Superfoods

I'm writing this article to help clear up a few things.

I want to assist you in deciphering between the helpful messages and marketing ploys, understand how to apply new nutritional knowledge to your life and point out common pitfalls.

Remember that food companies are in business to make money. 

Therefore, it will never take long for a food company to seize a marketing opportunity. As soon as a food gets labeled a "Superfood" that food can start popping up everywhere. Chefs start creating recipes featuring that food and processed food companies may try to incorporate some amount of that food into their ingredient list and then feature its inclusion prominently on the box. 

While learning how to cook with an unfamiliar food is a wonderful (and necessary) thing if someone wants to prepare a new food, one must bear in mind that "Superfoods" do not turn any dish into a magic elixir. Chia seeds are wonderful omega-3, protein-packed, fibrous little gems, and using them in a brownie batch means that your brownies may have a bit of extra nutritional value. If you are going to eat a brownie, eating a nutritionally superior brownie is a good decision, but you are still eating a brownie. A BROWNIE.  

Act accordingly.

Meaning: still treat that brownie like a dessert.

People get themselves into trouble by utilizing "Superfood" ingredients as a way to turn all of the accompanying ingredients into "Superfoods By Proxy." It doesn't work like that. The large amount of sugar in your brownies is still a large amount of sugar. Now, with that said, I think that finding ways to improve the nutritional quality of our desserts is an excellent thing. If we are able to up the protein, fiber and vitamin/mineral content of our desserts, then when we eat them, hopefully, we will be satisfied with smaller portions, our blood sugar won't spike as high and we may get some nutrition. 

Note the use of the words "AS HIGH" and "SOME" nutrition.

My point is that your souped-up brownie is still a calorie-dense, sugary, mostly nutritionally-devoid food. If you have an occasion where you want a brownie (because, yes, I'm not here to suck the fun out of life) then eating a better brownie is great. But if you were not going to indulge in a sugary treat and instead thought "but it has chia seeds so now it's a health food!" you have missed the mark.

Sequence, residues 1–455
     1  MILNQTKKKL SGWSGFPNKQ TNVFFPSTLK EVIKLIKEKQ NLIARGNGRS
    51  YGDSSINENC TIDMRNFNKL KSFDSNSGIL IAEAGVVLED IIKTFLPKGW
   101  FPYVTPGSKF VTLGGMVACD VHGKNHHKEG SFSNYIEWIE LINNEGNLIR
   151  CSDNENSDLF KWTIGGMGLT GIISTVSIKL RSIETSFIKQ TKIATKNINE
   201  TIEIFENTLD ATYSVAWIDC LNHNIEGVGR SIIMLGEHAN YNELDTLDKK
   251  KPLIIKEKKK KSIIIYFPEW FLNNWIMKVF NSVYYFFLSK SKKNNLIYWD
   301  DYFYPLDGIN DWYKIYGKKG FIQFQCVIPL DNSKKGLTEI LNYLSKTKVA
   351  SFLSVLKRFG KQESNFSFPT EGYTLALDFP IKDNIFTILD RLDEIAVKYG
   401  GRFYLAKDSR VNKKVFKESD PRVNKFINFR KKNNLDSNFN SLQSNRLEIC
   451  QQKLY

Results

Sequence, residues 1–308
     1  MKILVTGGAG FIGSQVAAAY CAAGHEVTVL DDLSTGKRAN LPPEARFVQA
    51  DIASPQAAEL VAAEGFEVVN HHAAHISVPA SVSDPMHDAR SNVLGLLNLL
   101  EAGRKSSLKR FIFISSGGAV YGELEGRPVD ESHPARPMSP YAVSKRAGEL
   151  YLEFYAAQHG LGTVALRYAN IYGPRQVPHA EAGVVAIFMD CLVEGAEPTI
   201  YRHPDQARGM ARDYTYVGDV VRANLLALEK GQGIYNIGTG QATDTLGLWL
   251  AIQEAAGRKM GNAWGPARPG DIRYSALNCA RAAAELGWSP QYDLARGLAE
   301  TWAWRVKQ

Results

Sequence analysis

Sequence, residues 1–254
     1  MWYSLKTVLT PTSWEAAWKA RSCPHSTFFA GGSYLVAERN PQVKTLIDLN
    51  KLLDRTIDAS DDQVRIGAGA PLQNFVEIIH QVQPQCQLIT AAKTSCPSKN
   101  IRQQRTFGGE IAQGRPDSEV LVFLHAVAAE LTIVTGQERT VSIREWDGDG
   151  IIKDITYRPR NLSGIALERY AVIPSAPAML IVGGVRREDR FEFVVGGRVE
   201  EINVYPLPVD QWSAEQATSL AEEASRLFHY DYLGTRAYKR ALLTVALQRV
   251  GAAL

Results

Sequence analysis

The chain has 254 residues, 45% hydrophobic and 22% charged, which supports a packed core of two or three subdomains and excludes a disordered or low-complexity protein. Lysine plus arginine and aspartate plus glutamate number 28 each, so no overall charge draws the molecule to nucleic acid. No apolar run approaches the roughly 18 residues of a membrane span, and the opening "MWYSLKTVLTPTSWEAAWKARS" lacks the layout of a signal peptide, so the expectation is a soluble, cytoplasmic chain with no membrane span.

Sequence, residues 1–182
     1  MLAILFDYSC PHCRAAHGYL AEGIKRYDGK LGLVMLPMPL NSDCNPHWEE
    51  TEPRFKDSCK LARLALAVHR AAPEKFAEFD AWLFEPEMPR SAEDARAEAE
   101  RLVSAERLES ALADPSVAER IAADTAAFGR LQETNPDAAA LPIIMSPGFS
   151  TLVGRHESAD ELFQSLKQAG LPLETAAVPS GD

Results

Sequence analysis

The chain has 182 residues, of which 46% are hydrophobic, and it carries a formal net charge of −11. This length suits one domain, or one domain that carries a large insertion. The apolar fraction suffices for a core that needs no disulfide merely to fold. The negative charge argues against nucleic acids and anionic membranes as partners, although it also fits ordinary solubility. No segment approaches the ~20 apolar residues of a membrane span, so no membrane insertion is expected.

Adding "Superfoods" to desserts and nutritionally-devoid foodstuffs does not turn them into health foods. It just makes them SLIGHTLY better than their typical counterparts.

That is probably the most common pitfall that we make when dealing with "Superfoods" or any healthier swap situation. The confusion that a food's health value is a matter of a simple grading process where less healthy ingredients are voided by combining them with a healthy ingredient. Not so. 

The good news is that all that is required is a tweaking of how you are viewing food. 

The trick is to remember that "Superfoods" or any healthier option is simply an UPGRADE of the same thing.

Using natural sugars instead of white sugar is an excellent upgrade. AND we are still talking about sugar. Maple syrup, raw honey, dried fruit all fall under the category of natural sugars that are vastly superior to white sugar, but they have not ceased to be sugar. Snacking on dried fruit is better than snacking on cake, but both are still in the dessert category.

Let me repeat that: Dried fruit is akin to a sweetener or dessert.

If you want to sweeten your granola or eat a dessert, then adding some raisins or eating some dried figs is a great choice. But, you have still added sugar to your breakfast and eaten dessert. As long as you recognize this, and therefore adjust your future choices accordingly, then you are all good. If instead, you think you have only added "nutritional value" to your breakfast and consumed a health-food snack, you are bound to end up consuming too much sugar (and too many calories) over time, leading to blood sugar imbalances, weight gain, and other health concerns.